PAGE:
All posts filed under: overcoming internal resistance

leap into the start of something

get started with me

The main obstacle I face in getting started on something (and maybe this is just me here, but bear with me) is the feeling that so much [time has gone by, or back-log has accumulated, or stands in my way] that there is no point starting now.  If only I had been disciplined enough to be handling it all along, or at least to have started earlier, then maybe…. I can feel this way any old time, but without a doubt I feel it round about the 9th of January every year.  “I Guess That Ship Has Sailed” Day, let’s call it.  The day when you realize that it’s more than a week into the new year and the green-juice/exercise/file-a-pile/clean the sink/stretch more/bitch less/write in my journal every day plan is already showing definite signs of weakness in its struts. Or maybe it has a misplaced ignition key. A wise therapist said to me once, OK, so let’s pretend this is a friend who has come to you to say this (instead of just, you …

lemon roasted Brussels sprouts

what dreams may come

Don’t blame the river that nothing happened quickly. –Mary Oliver*  About fifteen years ago, I started taking a keen interest in a plot of land near our house that had once served as the county fairgrounds.  It had fallen into disuse and disrepair over the years, and ping-ponged from owner to owner, each one as convinced as the last that some profit could be wrung from the land by their hands, even though the jokers before them hadn’t cracked that nut. It’s a quirky spot.  It’s called “hundred year floodplain,” but I’ve seen it like this at least three times in my life.  There are days when I feel like I am three hundred years old, but I know that I am not.  That’s not a lake, by the way.  That’s the parking lot. It’s land, to my eyes, that resists profit-making of the traditional variety.  Actively, by retreating under water periodically.  Its historical use as the home of the agricultural fair rings pretty loudly. So does the fact that agriculture has drifted from the …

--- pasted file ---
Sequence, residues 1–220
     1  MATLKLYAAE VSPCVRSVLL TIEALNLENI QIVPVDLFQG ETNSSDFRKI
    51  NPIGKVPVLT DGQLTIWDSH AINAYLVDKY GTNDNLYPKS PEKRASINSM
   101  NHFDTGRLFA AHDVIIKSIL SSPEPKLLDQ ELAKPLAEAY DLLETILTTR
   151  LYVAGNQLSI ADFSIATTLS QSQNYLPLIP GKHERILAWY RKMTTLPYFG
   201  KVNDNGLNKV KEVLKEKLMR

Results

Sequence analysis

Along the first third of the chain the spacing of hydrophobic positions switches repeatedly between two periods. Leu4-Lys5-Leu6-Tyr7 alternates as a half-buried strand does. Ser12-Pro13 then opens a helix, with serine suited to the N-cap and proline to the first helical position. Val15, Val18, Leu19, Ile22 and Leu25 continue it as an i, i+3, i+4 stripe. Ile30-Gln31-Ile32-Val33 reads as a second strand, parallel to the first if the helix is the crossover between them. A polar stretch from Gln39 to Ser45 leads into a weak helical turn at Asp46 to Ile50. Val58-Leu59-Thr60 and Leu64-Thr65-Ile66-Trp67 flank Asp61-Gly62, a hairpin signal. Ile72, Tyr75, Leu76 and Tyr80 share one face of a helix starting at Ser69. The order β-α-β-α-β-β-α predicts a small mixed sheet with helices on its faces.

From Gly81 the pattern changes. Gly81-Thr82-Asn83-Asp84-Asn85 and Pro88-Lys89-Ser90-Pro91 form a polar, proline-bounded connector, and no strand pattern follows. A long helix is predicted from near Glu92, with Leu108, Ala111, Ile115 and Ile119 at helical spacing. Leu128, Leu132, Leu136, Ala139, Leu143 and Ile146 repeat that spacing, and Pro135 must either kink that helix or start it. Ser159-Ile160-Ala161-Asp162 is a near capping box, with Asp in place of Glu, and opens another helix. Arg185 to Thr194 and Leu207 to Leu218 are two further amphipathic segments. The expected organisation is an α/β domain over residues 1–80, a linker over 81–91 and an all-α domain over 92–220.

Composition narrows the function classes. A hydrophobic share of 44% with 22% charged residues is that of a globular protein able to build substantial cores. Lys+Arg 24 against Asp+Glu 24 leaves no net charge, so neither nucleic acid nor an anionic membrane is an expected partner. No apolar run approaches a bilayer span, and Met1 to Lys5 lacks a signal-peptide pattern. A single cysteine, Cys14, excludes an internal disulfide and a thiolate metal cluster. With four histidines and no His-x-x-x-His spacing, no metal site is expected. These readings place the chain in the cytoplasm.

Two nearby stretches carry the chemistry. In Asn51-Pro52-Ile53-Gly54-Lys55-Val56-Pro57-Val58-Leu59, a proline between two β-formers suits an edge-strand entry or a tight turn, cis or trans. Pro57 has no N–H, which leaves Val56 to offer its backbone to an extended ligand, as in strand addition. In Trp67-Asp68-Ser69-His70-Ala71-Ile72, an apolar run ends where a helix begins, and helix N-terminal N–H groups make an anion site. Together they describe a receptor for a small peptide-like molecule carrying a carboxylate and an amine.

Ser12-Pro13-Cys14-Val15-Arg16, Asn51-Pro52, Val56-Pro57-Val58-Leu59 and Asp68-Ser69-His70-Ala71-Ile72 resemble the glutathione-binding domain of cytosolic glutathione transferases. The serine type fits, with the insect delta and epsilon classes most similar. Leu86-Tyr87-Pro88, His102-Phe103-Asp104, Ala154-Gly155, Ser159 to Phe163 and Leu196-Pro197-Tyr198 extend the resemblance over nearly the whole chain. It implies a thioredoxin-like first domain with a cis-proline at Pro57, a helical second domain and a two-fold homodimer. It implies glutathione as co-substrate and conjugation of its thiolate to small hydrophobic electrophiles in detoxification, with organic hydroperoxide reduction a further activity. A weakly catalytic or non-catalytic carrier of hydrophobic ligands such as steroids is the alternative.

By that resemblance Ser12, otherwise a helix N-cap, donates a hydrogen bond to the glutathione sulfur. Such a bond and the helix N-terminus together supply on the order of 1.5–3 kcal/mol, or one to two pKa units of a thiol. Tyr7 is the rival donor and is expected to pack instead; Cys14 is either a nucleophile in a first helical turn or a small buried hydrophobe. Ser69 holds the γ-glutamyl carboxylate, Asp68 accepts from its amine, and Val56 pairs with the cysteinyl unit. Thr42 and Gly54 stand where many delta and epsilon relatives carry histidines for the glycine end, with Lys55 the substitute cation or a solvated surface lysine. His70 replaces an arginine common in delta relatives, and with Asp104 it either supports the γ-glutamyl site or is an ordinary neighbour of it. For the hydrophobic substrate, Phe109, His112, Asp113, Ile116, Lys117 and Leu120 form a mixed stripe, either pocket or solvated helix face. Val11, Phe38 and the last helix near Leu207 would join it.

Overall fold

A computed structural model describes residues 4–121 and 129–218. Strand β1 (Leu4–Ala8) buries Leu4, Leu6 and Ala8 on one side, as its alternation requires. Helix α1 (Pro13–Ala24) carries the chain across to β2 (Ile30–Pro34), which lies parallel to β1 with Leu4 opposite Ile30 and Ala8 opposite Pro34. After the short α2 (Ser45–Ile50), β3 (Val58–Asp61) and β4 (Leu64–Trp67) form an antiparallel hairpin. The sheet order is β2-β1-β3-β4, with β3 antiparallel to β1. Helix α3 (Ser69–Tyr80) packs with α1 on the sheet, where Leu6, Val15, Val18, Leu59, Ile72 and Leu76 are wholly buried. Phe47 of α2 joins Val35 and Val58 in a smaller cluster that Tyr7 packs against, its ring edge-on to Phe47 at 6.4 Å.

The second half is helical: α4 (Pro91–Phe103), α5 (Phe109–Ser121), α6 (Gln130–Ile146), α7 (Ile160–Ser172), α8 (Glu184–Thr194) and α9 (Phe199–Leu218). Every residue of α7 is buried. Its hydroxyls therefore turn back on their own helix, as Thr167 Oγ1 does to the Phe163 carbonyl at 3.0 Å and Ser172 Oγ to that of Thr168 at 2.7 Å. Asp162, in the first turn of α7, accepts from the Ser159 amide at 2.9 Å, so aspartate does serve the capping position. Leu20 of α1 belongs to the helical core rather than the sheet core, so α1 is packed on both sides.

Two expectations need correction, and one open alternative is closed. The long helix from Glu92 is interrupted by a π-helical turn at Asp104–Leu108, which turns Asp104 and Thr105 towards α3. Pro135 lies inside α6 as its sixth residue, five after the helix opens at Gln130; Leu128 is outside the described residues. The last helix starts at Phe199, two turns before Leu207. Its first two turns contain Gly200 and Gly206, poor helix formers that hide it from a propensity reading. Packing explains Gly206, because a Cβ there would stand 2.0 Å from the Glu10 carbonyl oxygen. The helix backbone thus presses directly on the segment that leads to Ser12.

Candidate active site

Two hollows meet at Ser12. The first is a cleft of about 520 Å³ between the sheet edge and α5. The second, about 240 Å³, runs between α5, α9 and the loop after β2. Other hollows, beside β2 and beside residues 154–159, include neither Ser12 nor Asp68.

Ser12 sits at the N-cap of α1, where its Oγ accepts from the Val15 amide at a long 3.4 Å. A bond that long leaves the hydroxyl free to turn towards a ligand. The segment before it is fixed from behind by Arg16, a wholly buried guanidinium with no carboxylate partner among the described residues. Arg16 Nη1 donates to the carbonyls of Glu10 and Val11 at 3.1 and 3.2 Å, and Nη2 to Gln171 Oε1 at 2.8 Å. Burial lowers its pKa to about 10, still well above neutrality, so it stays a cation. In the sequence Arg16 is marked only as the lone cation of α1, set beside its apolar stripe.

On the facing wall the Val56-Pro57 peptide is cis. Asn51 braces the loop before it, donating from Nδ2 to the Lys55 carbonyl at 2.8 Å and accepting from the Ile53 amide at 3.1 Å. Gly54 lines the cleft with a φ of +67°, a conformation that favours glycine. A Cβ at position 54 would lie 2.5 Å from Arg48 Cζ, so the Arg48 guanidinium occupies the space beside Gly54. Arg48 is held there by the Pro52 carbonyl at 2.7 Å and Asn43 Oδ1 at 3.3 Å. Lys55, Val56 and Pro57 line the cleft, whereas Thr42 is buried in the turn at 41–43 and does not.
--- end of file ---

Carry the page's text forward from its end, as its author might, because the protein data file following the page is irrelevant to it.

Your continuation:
chocolate chia pudding

another seedy affair

Here’s a funny thing.  I was just about to write a post about seedy pudding and stress.  I’ve just received an urgent fax from down in the research department, letting me know that I have already done that, with this post right here.  There are no new ideas under my sun.  Everything I said there about stress and the temple of the body: still think that.  But at least this is a new pudding. There was an article a couple of weeks ago in a venerable newspaper about the health benefits of chia seeds.  This is the same venerable newspaper that is so concerned with veracity that it published the following correction: Correction: October 19, 2012 An earlier version of this article described incorrectly a beverage that Ahmed Abu Khattala was drinking at a hotel in Benghazi, Libya. It was a strawberry frappe, not mango juice, which is what he had ordered. It now reads: “But just days after President Obama reasserted his vow to bring those responsible to justice, Mr. Abu Khattala spent two leisurely hours …